“How can I help?” I asked.
“We obviously care about diversity. It’s embedded in our organizational story. Shutting down San Francisco was about saving jobs… not whitening our company. Is there anyway you can help me show my employees that they are wrong?”
“No,” I said.
“Well, for starters, they aren’t wrong,” I said.
I heard Jenna’s breath catch, and she took a minute to share a response.
“They may not be wrong about the numbers,” she said. “But they don’t have any of the context surrounding those numbers or our business needs. And they are assuming bad intent on my part… when the truth is exactly the opposite.”
“I agree,” I said. “I know you well. You are one of the most good-hearted, inspiring leaders I’ve ever met. And I know, also, how much you value diversity. I know how much it must hurt for employees not to see that.”
I noticed Jenna seemingly begin to breathe again.
“But your employees aren’t wrong for sharing their lived experiences. They see an organization with less diversity today than yesterday. And for some of them, it creates real pain and fear. And they are letting you know.
“If you tell them they are wrong, they won’t forget what they feel and thank you for enlightening them. The opposite will happen. They will feel that you’re not listening and that you don’t care about their experiences, and you’ll lose even more trust.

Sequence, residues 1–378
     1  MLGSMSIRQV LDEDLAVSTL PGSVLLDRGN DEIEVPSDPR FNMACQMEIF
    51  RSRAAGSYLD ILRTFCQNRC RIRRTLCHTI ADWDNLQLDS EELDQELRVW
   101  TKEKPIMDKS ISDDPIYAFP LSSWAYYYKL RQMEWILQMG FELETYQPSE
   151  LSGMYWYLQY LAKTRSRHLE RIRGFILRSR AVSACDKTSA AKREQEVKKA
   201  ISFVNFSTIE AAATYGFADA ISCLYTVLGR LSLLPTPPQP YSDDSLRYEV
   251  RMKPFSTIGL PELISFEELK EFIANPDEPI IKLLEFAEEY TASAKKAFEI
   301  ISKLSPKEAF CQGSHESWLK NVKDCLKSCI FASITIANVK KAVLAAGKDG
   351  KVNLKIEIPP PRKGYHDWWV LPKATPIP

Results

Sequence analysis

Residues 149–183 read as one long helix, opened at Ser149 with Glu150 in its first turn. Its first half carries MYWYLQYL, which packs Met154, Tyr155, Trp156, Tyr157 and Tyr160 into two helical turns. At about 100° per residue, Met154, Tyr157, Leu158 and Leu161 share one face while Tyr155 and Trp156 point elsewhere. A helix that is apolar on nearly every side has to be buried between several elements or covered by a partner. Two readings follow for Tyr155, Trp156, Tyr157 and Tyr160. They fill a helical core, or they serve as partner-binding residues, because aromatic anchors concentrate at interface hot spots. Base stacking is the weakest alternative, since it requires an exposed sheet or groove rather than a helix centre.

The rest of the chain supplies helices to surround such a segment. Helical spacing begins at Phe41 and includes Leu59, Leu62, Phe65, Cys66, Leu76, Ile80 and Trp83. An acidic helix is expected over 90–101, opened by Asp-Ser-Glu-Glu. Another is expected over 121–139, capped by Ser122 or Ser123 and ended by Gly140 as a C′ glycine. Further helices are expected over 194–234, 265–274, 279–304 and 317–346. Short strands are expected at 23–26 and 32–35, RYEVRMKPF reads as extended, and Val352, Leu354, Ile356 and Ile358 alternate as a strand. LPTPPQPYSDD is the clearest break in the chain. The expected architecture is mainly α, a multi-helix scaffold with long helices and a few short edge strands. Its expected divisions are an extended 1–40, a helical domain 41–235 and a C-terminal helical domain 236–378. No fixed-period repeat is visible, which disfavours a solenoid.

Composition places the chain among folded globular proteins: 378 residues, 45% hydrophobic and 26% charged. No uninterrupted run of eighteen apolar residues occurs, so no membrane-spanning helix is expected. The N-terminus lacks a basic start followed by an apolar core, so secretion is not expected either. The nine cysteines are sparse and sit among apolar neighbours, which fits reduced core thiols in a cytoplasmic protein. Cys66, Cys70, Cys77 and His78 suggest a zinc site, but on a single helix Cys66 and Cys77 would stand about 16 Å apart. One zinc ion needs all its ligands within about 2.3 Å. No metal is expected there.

“I know this from personal experience. I’ve made this mistake before. And upon reflection, the impact was predictable: instead of recapturing trust I believed I rightfully deserved, I lost more trust with people I cared about. That trust was difficult to rebuild.”
“Listen to the people who care enough to share. Then work with them to co-create solutions.”
Jenna and I were quiet for a few moments. Then she said, softly, “So what do I do?”
I shared the same message a mentor shared with me when I’d faced that similar kind of situation years before… after I’d failed to recapture the trust of my employees and, like Jenna, felt confused, angry, disillusioned:
“Listen to the people who care enough to share. Let them know you hear them and they aren’t wrong or bad for speaking up. Share what you’re hearing and learning, and share your own experiences and context too. Then work with them to co-create solutions.”
“That sounds easy enough,” Jenna said, smiling. “But how do I help them to see the amazing work we’ve done to steward diversity in our organization? That’s really important to me!”
“Instead of showing them, ask for stories about where diversity is working. Offer a forum to share those stories of success and, also, stories of learning. When people have space to express what they feel - rather than be told what to feel - the results are real and lasting.”
“Huh,” Jenna said, furrowing her eyebrows but still smiling. “I can do that.”
I smiled too, reflecting on my own moment of realization when my mentor had shared that same message. I remember feeling perplexed that the answer could be so simple; but also grateful that I might help fix what I’d accidentally broken.